- British or a citizen of the Commonwealth or European Union,
- At least 18 years old, (we will consider anyone who is approaching their 18th birthday)
- Registered to vote in the area or have lived, worked or owned property there for at least 12 months before an election.
You can't be a councillor if you:
- Work for the council you want to be a councillor for, or for another local authority in a politically restricted post,
- Are the subject of a bankruptcy restrictions order or interim order,
- Have been sentenced to prison for three months or more (including suspended sentences) during the 5 years before election day,
- Have been convicted of a corrupt or illegal practice by an election court.
How to become a parish councillor (PDF, 153 Kb)
This guide gives you a brief insight into parish and town councils, as well as providing specific advice and information on how to become a parish councillor.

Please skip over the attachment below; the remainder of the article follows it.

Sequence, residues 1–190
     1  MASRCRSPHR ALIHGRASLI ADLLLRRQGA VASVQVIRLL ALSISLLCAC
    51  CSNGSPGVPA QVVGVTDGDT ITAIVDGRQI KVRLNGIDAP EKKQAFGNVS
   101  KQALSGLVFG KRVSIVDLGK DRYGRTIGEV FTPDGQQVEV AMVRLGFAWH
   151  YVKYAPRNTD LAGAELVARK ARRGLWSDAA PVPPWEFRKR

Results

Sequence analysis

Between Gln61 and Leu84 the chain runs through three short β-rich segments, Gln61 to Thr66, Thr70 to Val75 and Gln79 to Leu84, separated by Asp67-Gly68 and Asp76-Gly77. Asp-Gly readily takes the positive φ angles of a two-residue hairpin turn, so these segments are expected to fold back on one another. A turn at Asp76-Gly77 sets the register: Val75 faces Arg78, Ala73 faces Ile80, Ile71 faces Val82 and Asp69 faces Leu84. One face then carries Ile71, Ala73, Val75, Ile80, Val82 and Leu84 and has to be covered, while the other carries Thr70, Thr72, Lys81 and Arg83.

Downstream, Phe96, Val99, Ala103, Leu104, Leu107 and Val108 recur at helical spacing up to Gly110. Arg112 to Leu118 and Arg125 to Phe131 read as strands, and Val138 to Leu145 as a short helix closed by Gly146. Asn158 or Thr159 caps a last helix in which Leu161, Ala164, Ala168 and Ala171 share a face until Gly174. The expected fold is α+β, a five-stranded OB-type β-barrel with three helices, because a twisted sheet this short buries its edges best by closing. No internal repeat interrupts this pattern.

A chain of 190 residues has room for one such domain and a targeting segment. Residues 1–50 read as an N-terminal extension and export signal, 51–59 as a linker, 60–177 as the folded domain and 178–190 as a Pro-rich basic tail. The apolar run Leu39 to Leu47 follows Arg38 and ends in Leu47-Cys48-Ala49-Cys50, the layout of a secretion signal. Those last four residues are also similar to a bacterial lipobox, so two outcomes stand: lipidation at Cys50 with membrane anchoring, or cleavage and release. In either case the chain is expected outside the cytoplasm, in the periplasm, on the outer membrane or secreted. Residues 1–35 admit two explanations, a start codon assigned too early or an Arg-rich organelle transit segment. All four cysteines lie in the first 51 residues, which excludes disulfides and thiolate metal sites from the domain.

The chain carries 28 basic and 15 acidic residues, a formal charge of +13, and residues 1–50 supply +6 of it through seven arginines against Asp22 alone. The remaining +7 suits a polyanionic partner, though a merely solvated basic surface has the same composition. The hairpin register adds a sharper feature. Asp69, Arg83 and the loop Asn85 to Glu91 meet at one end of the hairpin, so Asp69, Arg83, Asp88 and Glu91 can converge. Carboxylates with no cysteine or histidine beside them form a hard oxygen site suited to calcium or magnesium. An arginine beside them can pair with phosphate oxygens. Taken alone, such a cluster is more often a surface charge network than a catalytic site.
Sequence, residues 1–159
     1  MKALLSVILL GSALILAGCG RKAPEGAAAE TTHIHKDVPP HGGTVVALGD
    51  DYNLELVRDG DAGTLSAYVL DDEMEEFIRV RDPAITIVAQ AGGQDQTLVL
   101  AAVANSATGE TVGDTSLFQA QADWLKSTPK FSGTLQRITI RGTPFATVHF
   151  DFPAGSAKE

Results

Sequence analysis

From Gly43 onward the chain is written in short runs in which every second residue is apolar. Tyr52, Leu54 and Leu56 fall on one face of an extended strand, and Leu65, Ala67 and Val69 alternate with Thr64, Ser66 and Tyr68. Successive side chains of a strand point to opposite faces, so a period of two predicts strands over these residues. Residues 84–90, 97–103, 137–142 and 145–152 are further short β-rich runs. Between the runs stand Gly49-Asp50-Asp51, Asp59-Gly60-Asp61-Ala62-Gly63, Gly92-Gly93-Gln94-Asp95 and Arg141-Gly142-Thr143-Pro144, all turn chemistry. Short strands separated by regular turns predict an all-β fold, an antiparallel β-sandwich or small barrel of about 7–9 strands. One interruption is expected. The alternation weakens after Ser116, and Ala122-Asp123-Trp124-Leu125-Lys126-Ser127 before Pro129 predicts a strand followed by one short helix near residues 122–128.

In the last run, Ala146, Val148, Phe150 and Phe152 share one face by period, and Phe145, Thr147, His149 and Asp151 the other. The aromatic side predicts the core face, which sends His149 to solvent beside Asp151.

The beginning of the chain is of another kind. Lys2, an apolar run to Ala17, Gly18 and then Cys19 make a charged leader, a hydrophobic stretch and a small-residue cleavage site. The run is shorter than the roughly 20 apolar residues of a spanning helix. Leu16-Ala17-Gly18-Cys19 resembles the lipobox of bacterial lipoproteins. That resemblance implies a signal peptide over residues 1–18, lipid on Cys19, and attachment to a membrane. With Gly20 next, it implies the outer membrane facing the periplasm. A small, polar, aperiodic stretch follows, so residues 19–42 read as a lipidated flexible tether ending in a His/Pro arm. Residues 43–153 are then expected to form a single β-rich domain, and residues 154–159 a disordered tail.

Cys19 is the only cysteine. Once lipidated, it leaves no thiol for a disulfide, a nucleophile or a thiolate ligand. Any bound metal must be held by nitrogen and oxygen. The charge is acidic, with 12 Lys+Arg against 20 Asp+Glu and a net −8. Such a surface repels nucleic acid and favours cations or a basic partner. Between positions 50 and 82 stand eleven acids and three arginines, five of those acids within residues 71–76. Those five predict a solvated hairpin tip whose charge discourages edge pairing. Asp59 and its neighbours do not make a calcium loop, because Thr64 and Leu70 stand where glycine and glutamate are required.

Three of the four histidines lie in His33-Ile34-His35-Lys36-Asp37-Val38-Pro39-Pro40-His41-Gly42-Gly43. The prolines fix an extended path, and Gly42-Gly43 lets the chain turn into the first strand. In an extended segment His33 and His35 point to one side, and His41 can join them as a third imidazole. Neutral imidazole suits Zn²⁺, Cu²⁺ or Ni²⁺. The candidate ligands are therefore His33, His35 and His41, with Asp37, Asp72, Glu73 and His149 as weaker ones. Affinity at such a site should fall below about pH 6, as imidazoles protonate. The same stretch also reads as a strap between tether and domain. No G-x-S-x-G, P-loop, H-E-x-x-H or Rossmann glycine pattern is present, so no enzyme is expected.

The toolkit includes the following information:
•Introduction to town and parish councils
•Being a councillor
•Am I qualified
•How to become a councillor
•Further information and case studies
The Good Councillors Guide - 2017 Edition (PDF, 1.1 Mb)
This guide introduces the work of town and parish councils and the part councillors play in the first tier of local government closest to the people. It is also a useful reference. It is divided into five parts to help new, or even experienced, Councillors.
- Be a Councillor (Government Website)
Whatever needs changing in your neighbourhood, you could be just the person to change it by becoming a local councillor. No other role gives you a chance to make such a huge difference to quality of life for people in your local area.
It takes all sorts (PDF, 5.2 Mb)
This booklet, developed by the National Association of Local Councils in conjunction with the Be A Councillor campaign, highlights the experiences of just a few of the many councillors on local councils and serves to show how rewarding representing your community can be. This (second) edition contains six new local councillor case studies. Each councillor gives their reasons for becoming a local councillor in the first place, what motivates them to remain in their community role and what they want to achieve as local councillors in the future.